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Sydney ‘ferry’cious

13 Oct. My 2nd day in a 3rd country. My 1st day in its biggest city, Sydney. Madhan drops me at the Brisbane airport on time. My 1st experience with self check-in. I only get an aisle seat. The flights takes off sharp at 7am. It is a very quick flight and we are circling Sydney in an hour. The view of the big city and its many suburbs from the top is amazing and I wished I had a window seat. Madhan and Sudar had given me a basic overview of the city. I did not read much about Australia and left everything to their good knowledge. I have to meet my Bschool senior Ab in Sydney. A communication gap made him think I have been to Sydney before and his last mail (which I checked in the free internet kiosk at Auckland airport) directed me to take the train to Martin Place. I thought he trusted me to make my way around Sydney. Sudar had armed me with a mobile phone and an Australian debit card and so I had nothing to worry. I did not think twice before buying the “DayTripper”, a pass for 15AUD which includes all day train, bus and ferry travel in the city and also offers discounts to some of the attractions.. By hindsight, I am so glad that I bought it. The Daytripper brochure has a good map of all the three networks. I call up Ab and promise to meet him by 10am. I take help to use the barcoded ticket and get onto the platform. I observe it is neat. I note on the maps the last points of the rail network I shall use for the day. CityRail is quite complex and there are as many as 8 networks from Central. I figure out that I need to take 2 trains to Martin Place. As the train stops at Circular Quay station, I catch my first glimpse of the Opera House and the Harbour Bridge.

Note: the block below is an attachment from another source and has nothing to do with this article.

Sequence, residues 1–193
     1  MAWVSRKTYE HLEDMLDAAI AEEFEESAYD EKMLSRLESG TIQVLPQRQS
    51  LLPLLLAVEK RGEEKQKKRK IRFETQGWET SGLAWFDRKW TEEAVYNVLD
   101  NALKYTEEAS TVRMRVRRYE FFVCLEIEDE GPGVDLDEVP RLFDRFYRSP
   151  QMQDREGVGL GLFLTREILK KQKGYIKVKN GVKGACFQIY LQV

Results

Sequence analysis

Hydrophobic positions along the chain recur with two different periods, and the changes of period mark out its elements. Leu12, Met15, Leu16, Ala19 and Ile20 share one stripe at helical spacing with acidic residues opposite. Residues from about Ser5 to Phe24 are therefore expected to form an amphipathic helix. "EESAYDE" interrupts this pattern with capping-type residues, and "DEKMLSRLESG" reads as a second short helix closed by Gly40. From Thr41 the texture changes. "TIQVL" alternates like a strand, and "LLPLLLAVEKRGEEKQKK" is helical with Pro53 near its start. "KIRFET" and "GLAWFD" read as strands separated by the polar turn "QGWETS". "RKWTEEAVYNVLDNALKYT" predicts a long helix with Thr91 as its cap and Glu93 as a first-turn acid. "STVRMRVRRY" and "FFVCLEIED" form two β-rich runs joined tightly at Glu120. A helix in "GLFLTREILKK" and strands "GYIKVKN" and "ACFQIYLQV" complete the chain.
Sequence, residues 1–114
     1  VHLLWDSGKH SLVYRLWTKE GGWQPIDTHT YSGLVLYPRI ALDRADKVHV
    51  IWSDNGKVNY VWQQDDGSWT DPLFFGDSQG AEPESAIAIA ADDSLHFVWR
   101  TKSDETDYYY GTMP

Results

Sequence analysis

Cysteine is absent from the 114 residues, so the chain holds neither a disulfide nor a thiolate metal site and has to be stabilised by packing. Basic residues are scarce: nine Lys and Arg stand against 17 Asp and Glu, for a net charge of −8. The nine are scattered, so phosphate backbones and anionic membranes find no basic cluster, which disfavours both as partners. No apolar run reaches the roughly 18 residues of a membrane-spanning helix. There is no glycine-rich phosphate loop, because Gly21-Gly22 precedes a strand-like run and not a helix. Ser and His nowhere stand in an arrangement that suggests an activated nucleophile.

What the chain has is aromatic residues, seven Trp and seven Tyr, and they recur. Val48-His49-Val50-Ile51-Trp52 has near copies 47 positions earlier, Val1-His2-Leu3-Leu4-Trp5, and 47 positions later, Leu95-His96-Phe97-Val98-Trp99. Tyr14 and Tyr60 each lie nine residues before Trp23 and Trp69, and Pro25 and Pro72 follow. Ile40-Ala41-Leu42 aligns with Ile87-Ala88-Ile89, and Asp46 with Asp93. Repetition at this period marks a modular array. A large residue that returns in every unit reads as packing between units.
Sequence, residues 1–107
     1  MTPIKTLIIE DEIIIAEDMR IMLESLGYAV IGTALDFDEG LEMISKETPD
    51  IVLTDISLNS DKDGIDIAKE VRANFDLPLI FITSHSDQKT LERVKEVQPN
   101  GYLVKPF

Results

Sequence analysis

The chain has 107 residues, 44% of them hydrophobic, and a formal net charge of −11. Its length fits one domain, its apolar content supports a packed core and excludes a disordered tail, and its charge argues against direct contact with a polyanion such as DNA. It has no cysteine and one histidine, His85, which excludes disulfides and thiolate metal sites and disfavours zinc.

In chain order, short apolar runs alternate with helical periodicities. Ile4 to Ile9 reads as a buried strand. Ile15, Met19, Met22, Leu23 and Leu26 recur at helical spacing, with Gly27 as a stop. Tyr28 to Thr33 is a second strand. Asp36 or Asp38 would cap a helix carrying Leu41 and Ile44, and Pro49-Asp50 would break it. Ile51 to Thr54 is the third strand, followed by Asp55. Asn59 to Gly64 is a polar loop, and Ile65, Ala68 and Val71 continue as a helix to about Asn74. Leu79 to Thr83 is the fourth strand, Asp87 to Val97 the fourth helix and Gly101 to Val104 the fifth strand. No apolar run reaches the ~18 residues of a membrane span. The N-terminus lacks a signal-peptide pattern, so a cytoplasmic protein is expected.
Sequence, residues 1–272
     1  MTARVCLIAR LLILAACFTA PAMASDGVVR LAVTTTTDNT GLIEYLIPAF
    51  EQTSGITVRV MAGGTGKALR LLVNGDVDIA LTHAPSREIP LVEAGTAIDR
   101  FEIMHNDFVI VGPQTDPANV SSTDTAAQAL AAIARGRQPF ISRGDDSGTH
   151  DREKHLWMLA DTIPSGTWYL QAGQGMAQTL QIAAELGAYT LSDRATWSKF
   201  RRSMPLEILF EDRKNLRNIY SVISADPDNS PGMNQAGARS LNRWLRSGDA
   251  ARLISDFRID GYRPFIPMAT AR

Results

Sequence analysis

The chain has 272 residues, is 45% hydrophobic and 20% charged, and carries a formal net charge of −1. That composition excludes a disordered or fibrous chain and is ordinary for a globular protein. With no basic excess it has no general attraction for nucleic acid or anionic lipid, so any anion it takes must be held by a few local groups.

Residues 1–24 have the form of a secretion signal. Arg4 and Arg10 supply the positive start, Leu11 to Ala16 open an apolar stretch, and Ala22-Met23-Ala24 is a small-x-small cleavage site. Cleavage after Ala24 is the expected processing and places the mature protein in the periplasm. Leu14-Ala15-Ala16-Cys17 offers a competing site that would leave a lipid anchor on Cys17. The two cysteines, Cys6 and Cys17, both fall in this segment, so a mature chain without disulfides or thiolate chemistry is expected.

When I get down at the station and walk down the street, I feel small by the huge skyscrapers. Martin Place is the most coveted place in Sydney CBD and Macquarie Bank is at 1, Martin Place (the best address). After a few calls, we trace each other and grab a coffee (my first in many months) at StarBucks. Ab shows me the foolishness of my plans and suggests I walk to Circular Quay and maybe visit the zoo in the afternoon. His suggestion is God-sent. We decide to catch up for lunch. I keep walking down George Street (the central road of the CBD) and reach Circular Quay, the point of departure for all ferries. Some aborigines perform by the Quay. I see notices about the Ashes display at one of the museums. If I have time… I am so excited on seeing the ferries and take the Watson’s Bay one. That is my first ferry. 10.30am Sydney is quite hot (33). I sit on the deck, seeing the magnificent Harbour Bridge and the Opera House up close, little knowing that I will end up seeing them as many as seven times. But I am going ahead of the story. There are so many bays on this 50minute return ferry ride and I don’t get down at Watsons Bay preferring to take the ferry back to the Quay. I start to love the ferry rides.